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May 31 2016
by Aggie Kallinicou

6 Reasons Why Being Valedictorian Wasn't Worth It

By Aggie Kallinicou - May 31 2016
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Graduating as valedictorian of my high school was not all that it was cracked up to be. Due to my perfectionist mindset, I felt that it was vital to push myself as hard as I had to in order to be #1 in my class, but it didn't pay off like I thought it would. Last week, I was asked, "Was it worth it?" and I surprised the person asking me by responding with, "Honestly, no". Although I've worked extremely hard for four years to achieve this title, it hasn't been the gateway to success that I imagined it would be.

1. Missed opportunities. 

Spending so much time studying led to having a minuscule amount of free time. Whenever I took time to watch a movie or read a book I felt as if I was wasting time that I could be using to study instead, so I rarely did. I can't even count the number of times I told my friends or family that I couldn't go out to dinner or see a movie with them because I was too busy studying.

2. A tremendous amount of stress constantly weighing me down.

Having to get perfect grades to maintain my GPA was incredibly stressful. If I missed a few points on homework or didn't do so well on one test, I freaked out for days to see if it would bring my overall grade down. Small mistakes could lead to dropping out of the top spot, so it was vital that I did well on everything. This was especially hard senior year because of the amount of AP's I had to take to boost my GPA. Trying to be perfect in a variety of challenging courses proved to be more than I could handle at times. Senior year included mental breakdowns and late nights filled with stress and anxiety.

3. Countless hours spent studying material that I would soon forget.

In many of my classes, as I studied I couldn't help but feel that it was pointless. Memorizing a series of answers or facts that didn't make any sense to me just didn't seem right, but that was how many of my classes were set up. Rather than focusing on learning the material, I was forced to focus on memorization without actually understanding. This made studying even harder because I felt that I wasn't bettering myself whatsoever. 

4. Losing more sleep than I could ever catch up on.  

My motto during high school was, "Sleep is for the weak". Although I was continuously told by parents and friends that what I was doing wasn't healthy, I had no choice. Going to school for eight hours a day, working a part-time job, then coming home and having to do hours of homework every night didn't leave me with any other options. Most nights, I considered myself extremely lucky if I was able to get to bed before midnight. Usually, it wasn't until two or three a.m. that I was able to finally sleep. A few times over the years, I accidentally fell asleep in the middle of studying for a test and woke up hours later in a panic. Sometimes my body just wouldn't allow me to stay up any later. During school, my lack of sleep caused me to fall asleep in class multiple times a day which made me stay up even later to catch up on whatever I had missed. It was an endless, vicious cycle.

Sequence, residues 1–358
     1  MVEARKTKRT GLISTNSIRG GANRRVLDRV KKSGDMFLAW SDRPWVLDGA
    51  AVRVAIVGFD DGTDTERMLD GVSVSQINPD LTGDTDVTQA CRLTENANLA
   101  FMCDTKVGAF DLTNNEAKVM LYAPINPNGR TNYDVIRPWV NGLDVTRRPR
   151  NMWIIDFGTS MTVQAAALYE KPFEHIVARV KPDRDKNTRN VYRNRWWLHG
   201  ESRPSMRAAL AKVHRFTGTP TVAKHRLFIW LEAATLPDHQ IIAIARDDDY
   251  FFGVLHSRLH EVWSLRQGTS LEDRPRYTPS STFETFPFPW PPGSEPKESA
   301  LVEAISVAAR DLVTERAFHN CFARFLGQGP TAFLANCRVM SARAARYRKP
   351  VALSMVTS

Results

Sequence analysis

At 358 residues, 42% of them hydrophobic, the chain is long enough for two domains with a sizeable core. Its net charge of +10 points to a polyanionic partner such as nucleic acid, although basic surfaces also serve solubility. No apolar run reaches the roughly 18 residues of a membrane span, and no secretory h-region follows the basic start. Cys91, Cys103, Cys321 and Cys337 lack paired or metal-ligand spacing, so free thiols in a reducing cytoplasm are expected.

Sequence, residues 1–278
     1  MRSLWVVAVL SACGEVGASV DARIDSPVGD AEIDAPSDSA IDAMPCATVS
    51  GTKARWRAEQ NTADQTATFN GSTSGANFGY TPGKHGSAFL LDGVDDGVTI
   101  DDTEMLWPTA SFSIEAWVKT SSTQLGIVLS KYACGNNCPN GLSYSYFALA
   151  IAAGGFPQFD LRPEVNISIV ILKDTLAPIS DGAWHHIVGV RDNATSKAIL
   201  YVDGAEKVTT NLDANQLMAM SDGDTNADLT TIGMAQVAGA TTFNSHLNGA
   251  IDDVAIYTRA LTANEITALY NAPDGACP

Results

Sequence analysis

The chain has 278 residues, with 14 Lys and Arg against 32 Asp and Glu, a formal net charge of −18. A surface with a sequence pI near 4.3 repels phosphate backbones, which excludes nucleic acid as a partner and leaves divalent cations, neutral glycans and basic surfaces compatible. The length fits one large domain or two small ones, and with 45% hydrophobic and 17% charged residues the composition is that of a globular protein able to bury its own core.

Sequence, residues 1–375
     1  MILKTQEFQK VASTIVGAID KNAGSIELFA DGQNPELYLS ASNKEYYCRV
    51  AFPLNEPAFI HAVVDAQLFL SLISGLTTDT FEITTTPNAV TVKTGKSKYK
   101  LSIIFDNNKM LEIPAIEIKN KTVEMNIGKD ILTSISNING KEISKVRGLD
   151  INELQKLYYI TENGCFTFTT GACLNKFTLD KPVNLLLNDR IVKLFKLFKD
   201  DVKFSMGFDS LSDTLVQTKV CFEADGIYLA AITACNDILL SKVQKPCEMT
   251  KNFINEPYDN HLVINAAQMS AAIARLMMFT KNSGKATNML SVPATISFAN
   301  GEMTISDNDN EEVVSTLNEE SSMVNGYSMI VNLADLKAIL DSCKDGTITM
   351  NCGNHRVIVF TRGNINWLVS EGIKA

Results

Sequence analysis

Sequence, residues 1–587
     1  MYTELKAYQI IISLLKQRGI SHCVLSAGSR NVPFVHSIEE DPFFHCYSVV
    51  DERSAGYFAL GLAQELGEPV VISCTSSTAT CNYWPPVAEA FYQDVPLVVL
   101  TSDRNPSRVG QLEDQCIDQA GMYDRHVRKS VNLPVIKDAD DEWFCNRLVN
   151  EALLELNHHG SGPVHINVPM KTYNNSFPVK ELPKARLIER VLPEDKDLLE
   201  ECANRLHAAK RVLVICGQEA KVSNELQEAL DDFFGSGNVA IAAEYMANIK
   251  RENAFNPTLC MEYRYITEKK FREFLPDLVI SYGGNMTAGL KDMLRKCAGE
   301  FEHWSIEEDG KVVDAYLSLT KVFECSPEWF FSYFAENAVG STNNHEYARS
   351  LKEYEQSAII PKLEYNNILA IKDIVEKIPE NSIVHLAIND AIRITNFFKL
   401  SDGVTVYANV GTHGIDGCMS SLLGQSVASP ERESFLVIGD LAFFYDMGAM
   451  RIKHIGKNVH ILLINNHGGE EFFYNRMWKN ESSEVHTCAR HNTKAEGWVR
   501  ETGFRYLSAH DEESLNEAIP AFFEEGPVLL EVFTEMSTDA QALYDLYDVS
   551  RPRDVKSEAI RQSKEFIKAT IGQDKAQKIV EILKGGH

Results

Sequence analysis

5. The title of valedictorian isn't as prestigious as it used to be. 

Although my school only had three, a vast number of schools have many more valedictorians than they used to. For example, a school 10 minutes away from mine had 35, which causes the word to be less synonymous with, "the best of the best." It's still an accomplishment, but it has become less significant now that the meaning has been altered to include more students. Since the race for valedictorian has become cutthroat and competitive, many schools have opted to have a set criteria rather than making their students compete against one another. Because schools are making it less competitive, achieving valedictorian is beginning to be seen as less of an accomplishment. 

6. By the time I graduated, I had already been accepted to college and received my scholarship information. 

In most cases, graduating as valedictorian will have absolutely no effect on your scholarship amount or admission status because they've both already been decided by this time. Most schools will base these decisions on the information you provide on your application rather than impending class rankings. 

This combination made for an immensely challenging four years that seemed endless at times. Rather than a bittersweet final few months filled with celebrations, my last moments in high school were filled with all-nighters, studying for finals that would decide my class rank, and frantic calculations to see if I would maintain my GPA. Being able to speak at graduation was pretty cool, but if I were to do high school all over again, I would choose to take advantage of all of the opportunities available to me and take the time to enjoy myself rather than stress out so much over test scores and GPAs. These things are important, but they in no way define who you are. In college, I look forward to working hard while also making time for myself and making time to take advantage of the myriad of opportunities available to me. 

Lead Image Credit: Public Domain via Wikimedia Commons

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Aggie Kallinicou - DePaul University

Aggie Kallinicou is a sophomore at DePaul University in Chicago majoring in Environmental Studies and double minoring in Food Studies and Peace, Justice, and Conflict Studies.

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